Sharp-tailed Sandpipers overwintering

To: "Mike Carter" <>, "BIRDING-AUS" <>
Subject: Sharp-tailed Sandpipers overwintering
From: "Ricki Coughlan" <>
Date: Mon, 2 May 2005 12:21:56 +1000
It's the case with many species of waders that the juveniles remain in Australia for the first year or two of their lives. Upon reaching maturity, they join their older peers on the Flyway. I recently heard that Sharp-tailed Sandpipers are of breeding maturity from their first year and so join the adult population from the first migratory departure. Therefore, the only birds which remain would be sick or injured individuals.
We have noted up here at Broome that, with the migration now dwindling, some birds are eager to depart but appear to have left it too late. There are not enough fellow species to join them and thus share the load in Vee formation which is required for them to complete the mostly non-stop journey to the Yellow Sea. Each evening we see these birds begin to head north repeatedly but return to the bay after a short while. None are specifically colour banded, so I can't state for certainty that individuals are failing to depart due to lack of fellow travellers, but it certainly appears to be the case that late starters are non-starters and thus doomed to remain with the sick, injured or juveniles and snack on good old aussie inverterbrates all winter here at Roebuck Bay.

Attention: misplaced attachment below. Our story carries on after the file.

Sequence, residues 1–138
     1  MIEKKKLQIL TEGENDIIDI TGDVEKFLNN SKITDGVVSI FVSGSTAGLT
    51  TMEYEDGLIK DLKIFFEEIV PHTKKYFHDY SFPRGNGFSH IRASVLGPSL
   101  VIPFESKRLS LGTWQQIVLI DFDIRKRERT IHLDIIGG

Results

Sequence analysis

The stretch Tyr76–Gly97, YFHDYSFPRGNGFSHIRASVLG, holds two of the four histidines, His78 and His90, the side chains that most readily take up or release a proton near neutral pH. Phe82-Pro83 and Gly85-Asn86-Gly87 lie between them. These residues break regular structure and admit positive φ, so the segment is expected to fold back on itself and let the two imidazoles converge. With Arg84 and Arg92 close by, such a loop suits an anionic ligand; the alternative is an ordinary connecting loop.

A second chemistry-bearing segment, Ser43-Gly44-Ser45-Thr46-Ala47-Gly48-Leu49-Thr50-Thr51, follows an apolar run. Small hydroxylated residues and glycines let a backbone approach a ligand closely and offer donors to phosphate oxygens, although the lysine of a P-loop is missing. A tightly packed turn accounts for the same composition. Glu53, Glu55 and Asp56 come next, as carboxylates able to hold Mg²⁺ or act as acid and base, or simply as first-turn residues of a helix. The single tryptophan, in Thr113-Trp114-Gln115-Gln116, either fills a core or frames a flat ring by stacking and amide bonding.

Broome WA
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